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Original scientific paper

The influence of age and family responsibility on the number of absences and days lost

B. Petz ; Institut za medicinska istraživanja Jugoslavenske akademije znanosti i umjetnosti Zagreb

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An analysis of absences in 1952 in a group of 622 male workers of a metal factory in Great Britain was carried out. The group was divided into 3 age groups: (1) young workers (20-29 years), (2) middle-aged workers (30-49 years), and aged workers (50-64 years). With regard to family responsibility, the workers were divided as follows: (I) single (S), (2) with 1 dependent member (mostly married men without children) (+1), (3) with 2 dependent members (mostly married men with a child) (+2), (4) with 3 or more dependent members (mostly married men with 2 or more children (≥ +3). Absences were divided into (1) those due to illness and accidents, (2) unauthorized absences, and (3) absences with permission. The results are summarized as follows:
(1) The average number of absences is influenced in the first place by the degree of family responsibility, and in the second place by the age. The average number of days lost, however, is influenced in the first place by the age of workers.
(2) The average number of absences is the highest in the group of young workers, and the lowest in the middle-aged workers. A high percentage of absences in young workers is the result of a high number of short absences in this age group.
(8) The average number of days lost is the lowest in young and highest in aged workers. This is due to the fact that the highest percentage of days lost relates to the absences due to illness, and the older the workers are, the longer these absences last.
(4) The highest number of absences and days lost are observed in sing-le men.
In comparison with other groups, unauthorized absences are also most frequent in single men
(5) The highest number of absences in single men cannot be explained by the fact that single men are mainly young men, because old single men have even more absences.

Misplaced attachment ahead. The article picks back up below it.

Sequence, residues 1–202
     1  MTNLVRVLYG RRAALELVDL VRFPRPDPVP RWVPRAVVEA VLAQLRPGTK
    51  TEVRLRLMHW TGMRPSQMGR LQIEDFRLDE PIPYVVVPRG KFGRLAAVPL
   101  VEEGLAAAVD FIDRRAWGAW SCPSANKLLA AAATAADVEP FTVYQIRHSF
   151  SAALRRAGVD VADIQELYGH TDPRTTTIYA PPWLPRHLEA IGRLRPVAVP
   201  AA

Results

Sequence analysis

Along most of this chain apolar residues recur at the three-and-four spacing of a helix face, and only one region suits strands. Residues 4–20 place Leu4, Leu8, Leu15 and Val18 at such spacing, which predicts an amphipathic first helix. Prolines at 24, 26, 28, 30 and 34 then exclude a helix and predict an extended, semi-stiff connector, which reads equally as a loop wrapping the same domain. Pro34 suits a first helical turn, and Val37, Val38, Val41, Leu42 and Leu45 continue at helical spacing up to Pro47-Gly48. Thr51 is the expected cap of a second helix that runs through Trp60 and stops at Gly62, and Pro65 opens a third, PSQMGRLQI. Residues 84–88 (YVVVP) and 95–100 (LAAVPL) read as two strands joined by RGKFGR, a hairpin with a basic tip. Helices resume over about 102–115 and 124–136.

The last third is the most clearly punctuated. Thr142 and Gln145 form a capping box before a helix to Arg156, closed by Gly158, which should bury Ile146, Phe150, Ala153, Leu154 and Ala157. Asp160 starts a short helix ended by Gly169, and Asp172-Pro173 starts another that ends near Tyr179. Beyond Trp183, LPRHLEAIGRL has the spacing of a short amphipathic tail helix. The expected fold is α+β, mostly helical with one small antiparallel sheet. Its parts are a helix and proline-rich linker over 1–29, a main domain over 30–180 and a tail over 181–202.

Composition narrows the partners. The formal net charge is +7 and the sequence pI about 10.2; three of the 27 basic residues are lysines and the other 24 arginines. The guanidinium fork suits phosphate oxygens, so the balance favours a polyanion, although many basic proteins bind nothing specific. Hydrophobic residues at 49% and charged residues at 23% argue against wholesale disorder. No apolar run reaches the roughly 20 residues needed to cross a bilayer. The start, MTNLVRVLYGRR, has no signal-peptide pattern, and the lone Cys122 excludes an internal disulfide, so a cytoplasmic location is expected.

(6) The groups +2 is the group with least absences and days lost.
(7) The groups + 1 and ≥ +3 are between these two extremes.
(8) One-day absences represent the bulk of all absences (more than 75%).
(9) The absences due to illness represent the smallest percentage of absences, but as they last long, they account for the highest number of days lost.
(10) The highest percentage of absences is due to unauthorized (short) absences, but the number of days lost due to such absences is rather low.
(11) There is an insignificant increase with the age in the average number of absences due to illness. The duration of i1lness, however, rises significantly with the age of workers.
(12) The average number of unauthorized absences is the highest in young people, but decreases and stabilizes in older people (except in older single men where it is constantly rising).
(13) The average number of absences with permission is nearly the same in all age groups, and low in all groups, being relatively highest in the group +2.
(14) The average duration of illness is the highest in the group +2, lowest in single men.
(15) In all the subjects, and particularly in all family and age groups, the distribution of all types of absences does not fit to the Poisson distribution.
(16) The Poisson distribution is a bad fit to the observed distribution of absences due to illness, of unauthorized absences, as well as of absences with permission.
The author thanks Mr. J. W. Whitfield, Medical Research Council, Industrial Psychology Research Group, Psychology Department, University College, London, for his valuable advice, and Messrs. R. Shepherd and J. Walker, from the same institution, for the material on absences put at the author's disposal. Special thanks are due to Mr. Shepherd who was actively engaged in the arrangement of the material and an extremely helpful partner in the first (London) phase of this work.


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